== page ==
Dividends on hold as companies batten down the hatches

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Dividends on hold as companies batten down the hatches

Published Date: 2020-03-24 | Source: Stephen Gunnion | Author: Stephen Gunnion

Dividends on hold as companies batten down the hatches

A growing number of property groups say retaining cash will help them weather the difficult conditions that are likely to continue for the short term.

Hyprop is postponing payment of its interim dividend until October due to the uncertainty the Covid-19 outbreak has introduced to its operations. The real estate investment trust (REIT) says holding back the 309c per share dividend will strengthen its ability to weather the difficult conditions it expects over the next few months.

Although its SA shopping centres remain open, Hyprop says there has been a big decline in footfall since President Cyril Ramaphosa outlined measures to limit the spread of the virus on 15 March. Amongst others, its portfolio includes Cape Town's Canal Walk, Clearwater outside Johannesburg, the Rosebank Mall and Hyde Park Corner

Its European operations were even more affected after the governments of Bulgaria, Montenegro, Macedonia and Croatia closed shopping centres almost entirely, with only supermarkets and pharmacies continuing to trade. It owns a majority stake in Southeastern Europe shopping centre owner Hystead. Its malls in Ghana and Nigeria remained open.

Hyprop said it was coming up with plans to assist tenants, for example by reducing compulsory trading hours, creating facilities for online shopping collections and encouraging shoppers to continue using its malls safely.

Redefine Properties said while it recently emphasised its ability to meet its solvency and liquidity obligations, it had decided to defer its decision on a dividend payment for the six months to end-February until the release of its annual results in order to give it financial flexibility and bolster its liquidity. It also withdrew guidance of a 5-7% decline in distributable income per share for the year to end-August due to the evolving market conditions.

Redefine owns 45% stake of Polish retail property group, EPP (formerly Echo Polska Properties), which yesterday said that due to uncertainty on the duration and impact of Covid-19 on its operations, it had decided to preserve its financial liquidity and would postpone payment of the 5.82 euro cent dividend it declared for the six months to end-December. That would add €53 million to its undrawn debt facilities of €95 million, keeping it well capitalised. Although the Polish government had announced a €47 billion financial aid package, including employees' protection support, liquidity support for companies and increased spending on public investments and infrastructure, it said the details still had to be ironed out.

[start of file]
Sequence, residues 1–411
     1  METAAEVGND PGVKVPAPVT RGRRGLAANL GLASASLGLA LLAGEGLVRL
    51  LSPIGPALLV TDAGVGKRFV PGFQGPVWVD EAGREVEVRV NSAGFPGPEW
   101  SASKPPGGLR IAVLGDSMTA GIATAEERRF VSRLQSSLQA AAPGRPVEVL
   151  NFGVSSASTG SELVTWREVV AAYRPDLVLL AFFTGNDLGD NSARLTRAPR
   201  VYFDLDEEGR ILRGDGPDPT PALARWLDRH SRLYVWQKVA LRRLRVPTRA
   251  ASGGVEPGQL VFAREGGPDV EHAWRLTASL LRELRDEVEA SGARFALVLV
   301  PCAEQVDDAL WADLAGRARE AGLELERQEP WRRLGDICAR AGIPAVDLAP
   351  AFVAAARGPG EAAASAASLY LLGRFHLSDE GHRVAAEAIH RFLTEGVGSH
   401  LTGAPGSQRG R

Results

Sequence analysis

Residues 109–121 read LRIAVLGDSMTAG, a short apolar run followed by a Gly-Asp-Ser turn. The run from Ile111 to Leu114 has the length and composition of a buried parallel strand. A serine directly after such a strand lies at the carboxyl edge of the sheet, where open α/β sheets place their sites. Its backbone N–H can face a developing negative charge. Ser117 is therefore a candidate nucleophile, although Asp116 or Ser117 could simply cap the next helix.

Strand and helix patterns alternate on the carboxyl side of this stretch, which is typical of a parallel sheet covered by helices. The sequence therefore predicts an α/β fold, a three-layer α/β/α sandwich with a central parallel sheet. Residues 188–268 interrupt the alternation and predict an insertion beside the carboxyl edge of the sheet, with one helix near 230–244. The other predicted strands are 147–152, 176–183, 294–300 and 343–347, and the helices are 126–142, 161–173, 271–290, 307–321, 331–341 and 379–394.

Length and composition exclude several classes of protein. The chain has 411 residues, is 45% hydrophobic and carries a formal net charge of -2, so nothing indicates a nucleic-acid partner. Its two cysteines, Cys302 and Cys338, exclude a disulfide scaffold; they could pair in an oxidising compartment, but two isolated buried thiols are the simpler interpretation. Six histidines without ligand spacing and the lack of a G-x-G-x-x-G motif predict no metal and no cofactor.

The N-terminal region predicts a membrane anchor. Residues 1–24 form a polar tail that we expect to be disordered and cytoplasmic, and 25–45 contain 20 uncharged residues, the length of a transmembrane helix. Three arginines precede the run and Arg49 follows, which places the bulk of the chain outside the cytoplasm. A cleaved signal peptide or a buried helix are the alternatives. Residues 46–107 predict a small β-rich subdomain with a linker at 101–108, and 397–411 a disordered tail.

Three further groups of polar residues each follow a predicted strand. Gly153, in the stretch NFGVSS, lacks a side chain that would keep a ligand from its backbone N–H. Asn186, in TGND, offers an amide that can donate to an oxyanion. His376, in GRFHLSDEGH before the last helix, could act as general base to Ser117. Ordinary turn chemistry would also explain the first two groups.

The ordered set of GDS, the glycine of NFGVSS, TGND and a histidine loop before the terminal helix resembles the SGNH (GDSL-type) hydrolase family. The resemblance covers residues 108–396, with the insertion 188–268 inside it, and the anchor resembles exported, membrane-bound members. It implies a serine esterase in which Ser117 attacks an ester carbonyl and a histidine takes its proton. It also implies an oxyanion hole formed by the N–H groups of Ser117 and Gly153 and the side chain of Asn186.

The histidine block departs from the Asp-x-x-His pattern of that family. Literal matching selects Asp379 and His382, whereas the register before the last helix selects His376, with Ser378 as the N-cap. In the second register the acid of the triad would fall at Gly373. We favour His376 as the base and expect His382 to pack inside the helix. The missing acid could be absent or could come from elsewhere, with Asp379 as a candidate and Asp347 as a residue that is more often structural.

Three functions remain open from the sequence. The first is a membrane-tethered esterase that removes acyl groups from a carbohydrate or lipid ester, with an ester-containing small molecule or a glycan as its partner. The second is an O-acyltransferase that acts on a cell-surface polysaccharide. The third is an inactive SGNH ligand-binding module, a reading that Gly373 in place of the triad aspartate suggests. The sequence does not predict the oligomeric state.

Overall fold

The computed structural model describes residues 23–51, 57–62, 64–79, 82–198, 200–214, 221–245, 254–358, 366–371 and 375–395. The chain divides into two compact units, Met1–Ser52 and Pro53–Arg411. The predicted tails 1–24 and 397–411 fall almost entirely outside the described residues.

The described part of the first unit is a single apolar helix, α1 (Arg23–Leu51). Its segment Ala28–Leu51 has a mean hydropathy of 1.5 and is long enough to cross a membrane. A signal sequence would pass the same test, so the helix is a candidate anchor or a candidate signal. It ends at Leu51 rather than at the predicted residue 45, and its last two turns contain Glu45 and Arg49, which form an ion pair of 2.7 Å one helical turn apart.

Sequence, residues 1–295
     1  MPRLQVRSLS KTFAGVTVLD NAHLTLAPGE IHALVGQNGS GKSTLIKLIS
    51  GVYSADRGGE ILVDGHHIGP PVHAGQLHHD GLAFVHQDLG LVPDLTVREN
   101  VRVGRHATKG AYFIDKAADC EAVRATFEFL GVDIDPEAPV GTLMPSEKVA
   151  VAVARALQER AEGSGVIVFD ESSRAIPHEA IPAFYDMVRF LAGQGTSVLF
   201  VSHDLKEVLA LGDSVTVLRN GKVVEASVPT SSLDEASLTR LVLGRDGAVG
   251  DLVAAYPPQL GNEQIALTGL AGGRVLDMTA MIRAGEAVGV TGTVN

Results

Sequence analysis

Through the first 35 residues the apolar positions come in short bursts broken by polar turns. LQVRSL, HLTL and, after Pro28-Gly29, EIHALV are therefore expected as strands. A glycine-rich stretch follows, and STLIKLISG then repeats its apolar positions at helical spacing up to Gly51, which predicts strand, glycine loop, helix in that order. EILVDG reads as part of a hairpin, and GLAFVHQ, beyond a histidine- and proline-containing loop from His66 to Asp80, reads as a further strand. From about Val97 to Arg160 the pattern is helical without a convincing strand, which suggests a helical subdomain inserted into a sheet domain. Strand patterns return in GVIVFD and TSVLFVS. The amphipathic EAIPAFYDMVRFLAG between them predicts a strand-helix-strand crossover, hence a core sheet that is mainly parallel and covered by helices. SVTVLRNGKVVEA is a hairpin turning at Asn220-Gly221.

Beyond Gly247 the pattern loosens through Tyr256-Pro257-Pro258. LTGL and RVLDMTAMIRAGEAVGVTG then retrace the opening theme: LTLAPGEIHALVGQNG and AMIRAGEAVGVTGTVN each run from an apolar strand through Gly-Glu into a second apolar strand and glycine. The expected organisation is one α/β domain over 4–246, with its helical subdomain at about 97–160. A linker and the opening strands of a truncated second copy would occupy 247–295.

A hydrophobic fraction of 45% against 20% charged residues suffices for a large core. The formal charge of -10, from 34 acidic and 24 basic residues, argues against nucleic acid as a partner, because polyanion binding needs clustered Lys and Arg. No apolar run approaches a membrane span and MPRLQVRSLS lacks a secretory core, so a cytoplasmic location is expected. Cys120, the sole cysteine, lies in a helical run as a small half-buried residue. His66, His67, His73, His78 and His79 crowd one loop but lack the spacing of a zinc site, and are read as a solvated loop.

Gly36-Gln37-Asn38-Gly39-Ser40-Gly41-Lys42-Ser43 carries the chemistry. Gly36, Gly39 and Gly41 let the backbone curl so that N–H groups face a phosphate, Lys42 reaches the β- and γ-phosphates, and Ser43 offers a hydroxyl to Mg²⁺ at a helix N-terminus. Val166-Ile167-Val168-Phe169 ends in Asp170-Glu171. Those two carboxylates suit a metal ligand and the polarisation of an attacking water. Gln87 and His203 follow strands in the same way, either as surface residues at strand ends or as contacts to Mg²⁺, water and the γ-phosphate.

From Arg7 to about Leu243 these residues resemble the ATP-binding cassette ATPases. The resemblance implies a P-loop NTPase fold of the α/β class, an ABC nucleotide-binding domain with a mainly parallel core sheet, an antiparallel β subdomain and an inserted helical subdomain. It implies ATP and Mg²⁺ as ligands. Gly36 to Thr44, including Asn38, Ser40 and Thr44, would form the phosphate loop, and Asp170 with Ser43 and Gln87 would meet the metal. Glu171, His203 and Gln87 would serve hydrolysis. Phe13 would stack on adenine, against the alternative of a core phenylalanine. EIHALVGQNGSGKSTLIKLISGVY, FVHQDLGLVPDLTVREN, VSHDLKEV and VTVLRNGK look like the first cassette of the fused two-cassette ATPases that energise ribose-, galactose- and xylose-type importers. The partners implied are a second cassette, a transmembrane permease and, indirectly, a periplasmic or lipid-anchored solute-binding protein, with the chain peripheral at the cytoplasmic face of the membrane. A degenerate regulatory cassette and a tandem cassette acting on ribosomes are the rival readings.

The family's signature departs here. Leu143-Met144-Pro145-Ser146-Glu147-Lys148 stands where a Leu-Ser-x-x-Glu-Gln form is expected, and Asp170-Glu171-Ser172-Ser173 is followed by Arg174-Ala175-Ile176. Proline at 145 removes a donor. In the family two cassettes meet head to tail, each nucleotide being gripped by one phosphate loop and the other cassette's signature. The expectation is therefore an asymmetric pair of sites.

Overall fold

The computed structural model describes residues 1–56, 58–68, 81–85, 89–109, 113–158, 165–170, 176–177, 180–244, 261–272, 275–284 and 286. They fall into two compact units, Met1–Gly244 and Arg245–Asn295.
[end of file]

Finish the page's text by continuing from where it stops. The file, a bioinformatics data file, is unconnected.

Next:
Fortress REIT said due to the unprecedented volatility and extreme uncertainty currently prevailing in capital markets, a subcommittee set up to consider its capital structure had recommended that the process be discontinued.

NEPI Rockcastle, which owns shopping centres in Central and Eastern Europe, said two-thirds of its lettable area was rented to large international and nation tenants, lowering the risk of tenant default. Also, two of its largest tenants, supermarket chains Auchan and Carrefour, were estimated to have higher-than-usual sales in the coming period. Last week it said payment of its second-half distribution of 27.31c per share would proceed as planned.

Hyprop's shares fell 27% to R20 yesterday while Redefine dropped 26% to R1.62 and EPP shed 17% to R5.81. Fortress's A shares closed 8.5% down at R11.35 and its B shares declined 13% to R2.25. NEPI Rockcastle retreated 19% to R57.82. Its announcement was made after the close of trade.





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